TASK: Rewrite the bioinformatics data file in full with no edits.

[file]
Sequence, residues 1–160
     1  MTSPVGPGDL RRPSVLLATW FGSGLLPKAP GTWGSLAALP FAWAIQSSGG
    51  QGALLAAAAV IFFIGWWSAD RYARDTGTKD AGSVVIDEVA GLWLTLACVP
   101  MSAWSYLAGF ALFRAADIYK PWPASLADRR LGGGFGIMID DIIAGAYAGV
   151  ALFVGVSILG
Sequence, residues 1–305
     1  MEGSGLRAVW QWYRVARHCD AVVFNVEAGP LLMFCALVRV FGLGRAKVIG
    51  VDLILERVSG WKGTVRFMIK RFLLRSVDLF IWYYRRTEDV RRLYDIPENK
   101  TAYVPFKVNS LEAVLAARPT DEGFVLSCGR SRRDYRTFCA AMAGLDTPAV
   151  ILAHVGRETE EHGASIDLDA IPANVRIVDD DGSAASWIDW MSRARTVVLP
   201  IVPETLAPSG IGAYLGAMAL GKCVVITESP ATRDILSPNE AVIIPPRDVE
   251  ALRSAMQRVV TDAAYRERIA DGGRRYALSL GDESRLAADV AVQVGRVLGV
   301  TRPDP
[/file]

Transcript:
Sequence, residues 1–160
     1  MTSPVGPGDL RRPSVLLATW FGSGLLPKAP GTWGSLAALP FAWAIQSSGG
    51  QGALLAAAAV IFFIGWWSAD RYARDTGTKD AGSVVIDEVA GLWLTLACVP
   101  MSAWSYLAGF ALFRAADIYK PWPASLADRR LGGGFGIMID DIIAGAYAGV
   151  ALFVGVSILG
Sequence, residues 1–305
     1  MEGSGLRAVW QWYRVARHCD AVVFNVEAGP LLMFCALVRV FGLGRAKVIG
    51  VDLILERVSG WKGTVRFMIK RFLLRSVDLF IWYYRRTEDV RRLYDIPENK
   101  TAYVPFKVNS LEAVLAARPT DEGFVLSCGR SRRDYRTFCA AMAGLDTPAV
   151  ILAHVGRETE EHGASIDLDA IPANVRIVDD DGSAASWIDW MSRARTVVLP
   201  IVPETLAPSG IGAYLGAMAL GKCVVITESP ATRDILSPNE AVIIPPRDVE
   251  ALRSAMQRVV TDAAYRERIA DGGRRYALSL GDESRLAADV AVQVGRVLGV
   301  TRPDP